Brazil's President Dilma Rousseff said Friday if the National Congress approves her government's spending cuts and tax increases, the country will " soon" overcome its economic crisis.
"Together, by approving the belt-tightening measures, we will get out of this soon," Rousseff told an official event in southern Rio Grande do Sul state, taking place in conjunction with Brazil's Landless Workers Movement (MST).
"Belt-tightening is part of life. Everyone does it. We're not belt-tightening because we like it, we are doing it so the country can continue to grow, generating employment and carrying out social policies," she said.
The president is trying to push through the unpopular measures at a time when public patience with officials is at all-time low, thanks largely to an embarrassing and ongoing corruption scandal at state oil giant Petrobras.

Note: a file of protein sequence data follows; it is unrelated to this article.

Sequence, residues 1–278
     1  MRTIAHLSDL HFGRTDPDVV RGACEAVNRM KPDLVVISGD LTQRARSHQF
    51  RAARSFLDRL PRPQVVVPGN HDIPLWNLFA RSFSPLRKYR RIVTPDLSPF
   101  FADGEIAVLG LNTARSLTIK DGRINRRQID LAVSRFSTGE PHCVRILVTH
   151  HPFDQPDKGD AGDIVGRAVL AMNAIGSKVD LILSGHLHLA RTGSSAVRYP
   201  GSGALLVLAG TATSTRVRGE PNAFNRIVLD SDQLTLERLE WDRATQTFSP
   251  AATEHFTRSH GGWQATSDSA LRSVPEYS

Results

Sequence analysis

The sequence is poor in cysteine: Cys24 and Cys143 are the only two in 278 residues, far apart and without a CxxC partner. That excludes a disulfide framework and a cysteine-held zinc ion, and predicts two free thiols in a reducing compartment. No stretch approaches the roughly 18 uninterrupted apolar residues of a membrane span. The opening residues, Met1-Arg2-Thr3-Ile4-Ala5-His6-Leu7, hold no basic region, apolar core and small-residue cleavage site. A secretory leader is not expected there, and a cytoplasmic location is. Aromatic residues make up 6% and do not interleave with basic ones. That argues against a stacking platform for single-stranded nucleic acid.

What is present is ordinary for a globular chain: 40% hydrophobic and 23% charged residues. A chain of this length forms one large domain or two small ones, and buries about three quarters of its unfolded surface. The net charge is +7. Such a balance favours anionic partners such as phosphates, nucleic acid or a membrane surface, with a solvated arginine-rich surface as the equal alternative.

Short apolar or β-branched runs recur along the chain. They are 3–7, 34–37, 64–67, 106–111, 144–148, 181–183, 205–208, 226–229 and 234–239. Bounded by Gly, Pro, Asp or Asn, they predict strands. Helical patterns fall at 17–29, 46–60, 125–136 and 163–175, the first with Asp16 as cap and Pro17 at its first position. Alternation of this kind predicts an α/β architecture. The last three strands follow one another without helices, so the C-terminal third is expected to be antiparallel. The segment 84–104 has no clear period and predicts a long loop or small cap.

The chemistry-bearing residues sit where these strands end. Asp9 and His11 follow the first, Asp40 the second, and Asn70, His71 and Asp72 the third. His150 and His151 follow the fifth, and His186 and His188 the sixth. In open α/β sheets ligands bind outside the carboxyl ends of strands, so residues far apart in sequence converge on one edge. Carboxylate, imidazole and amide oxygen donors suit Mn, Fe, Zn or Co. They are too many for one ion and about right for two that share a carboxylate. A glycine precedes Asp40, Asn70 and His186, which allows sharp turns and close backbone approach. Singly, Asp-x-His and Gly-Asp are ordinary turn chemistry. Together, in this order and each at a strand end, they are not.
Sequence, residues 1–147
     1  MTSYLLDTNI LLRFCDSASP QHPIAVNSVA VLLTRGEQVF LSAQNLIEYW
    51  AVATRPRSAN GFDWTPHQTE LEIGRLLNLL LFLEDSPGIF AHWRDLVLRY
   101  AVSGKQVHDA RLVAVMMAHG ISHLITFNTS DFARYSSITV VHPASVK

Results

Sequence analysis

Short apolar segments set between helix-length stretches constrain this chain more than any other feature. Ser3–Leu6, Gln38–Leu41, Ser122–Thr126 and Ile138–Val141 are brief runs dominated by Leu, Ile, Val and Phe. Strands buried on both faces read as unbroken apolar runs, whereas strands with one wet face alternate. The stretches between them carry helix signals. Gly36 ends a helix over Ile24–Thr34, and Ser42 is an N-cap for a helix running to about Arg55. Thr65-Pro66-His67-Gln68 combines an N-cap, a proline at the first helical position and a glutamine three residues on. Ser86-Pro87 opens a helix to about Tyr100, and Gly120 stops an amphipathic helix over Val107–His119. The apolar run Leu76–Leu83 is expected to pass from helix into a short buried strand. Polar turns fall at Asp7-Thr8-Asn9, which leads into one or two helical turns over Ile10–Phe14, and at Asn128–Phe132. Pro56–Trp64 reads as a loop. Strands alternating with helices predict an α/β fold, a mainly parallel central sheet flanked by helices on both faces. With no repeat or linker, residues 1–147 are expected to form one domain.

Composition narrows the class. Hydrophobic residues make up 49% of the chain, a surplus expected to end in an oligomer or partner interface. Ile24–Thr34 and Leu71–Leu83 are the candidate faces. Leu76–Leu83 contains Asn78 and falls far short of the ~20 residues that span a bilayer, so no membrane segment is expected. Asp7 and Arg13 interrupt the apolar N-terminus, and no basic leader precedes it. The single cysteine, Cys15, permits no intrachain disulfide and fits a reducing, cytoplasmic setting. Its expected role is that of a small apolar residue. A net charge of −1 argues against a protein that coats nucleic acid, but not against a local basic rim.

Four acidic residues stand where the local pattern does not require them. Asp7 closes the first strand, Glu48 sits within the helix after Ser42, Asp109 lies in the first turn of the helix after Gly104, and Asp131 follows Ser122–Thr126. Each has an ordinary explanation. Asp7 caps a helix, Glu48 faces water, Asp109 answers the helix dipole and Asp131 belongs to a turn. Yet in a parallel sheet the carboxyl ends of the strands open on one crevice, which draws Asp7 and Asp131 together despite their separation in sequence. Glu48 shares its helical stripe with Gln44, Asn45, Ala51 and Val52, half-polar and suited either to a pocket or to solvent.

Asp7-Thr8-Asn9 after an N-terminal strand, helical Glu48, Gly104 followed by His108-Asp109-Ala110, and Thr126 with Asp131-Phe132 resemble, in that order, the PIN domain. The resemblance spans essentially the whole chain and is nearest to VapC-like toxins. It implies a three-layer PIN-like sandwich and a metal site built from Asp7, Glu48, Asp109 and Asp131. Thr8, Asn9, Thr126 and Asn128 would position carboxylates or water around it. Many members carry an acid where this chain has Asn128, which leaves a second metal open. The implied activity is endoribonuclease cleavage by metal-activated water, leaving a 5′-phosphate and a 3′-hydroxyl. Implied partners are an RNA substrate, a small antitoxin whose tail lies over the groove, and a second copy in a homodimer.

Over the weekend, disgruntled Brazilians took to the streets in one of the largest anti-government demonstrations ever in Latin America's largest economy.
Rousseff, who began her second term as president in January, last year tried to revive the slowing economy through numerous incentive packages, but they failed to spur economic activity.
Underscoring the importance of adopting the fiscal measures, she said the government "has no way to continue absorbing" the costs of the previous incentives and had to try a different approach.